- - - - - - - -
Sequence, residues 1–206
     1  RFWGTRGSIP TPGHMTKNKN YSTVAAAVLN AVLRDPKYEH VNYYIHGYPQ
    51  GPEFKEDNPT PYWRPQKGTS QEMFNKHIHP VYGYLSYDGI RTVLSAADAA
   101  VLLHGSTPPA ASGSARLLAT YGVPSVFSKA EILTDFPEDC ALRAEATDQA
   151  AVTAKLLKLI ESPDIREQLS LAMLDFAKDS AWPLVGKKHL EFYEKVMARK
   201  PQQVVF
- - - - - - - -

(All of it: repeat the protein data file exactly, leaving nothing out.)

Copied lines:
Sequence, residues 1–206
     1  RFWGTRGSIP TPGHMTKNKN YSTVAAAVLN AVLRDPKYEH VNYYIHGYPQ
    51  GPEFKEDNPT PYWRPQKGTS QEMFNKHIHP VYGYLSYDGI RTVLSAADAA
   101  VLLHGSTPPA ASGSARLLAT YGVPSVFSKA EILTDFPEDC ALRAEATDQA
   151  AVTAKLLKLI ESPDIREQLS LAMLDFAKDS AWPLVGKKHL EFYEKVMARK
   201  PQQVVF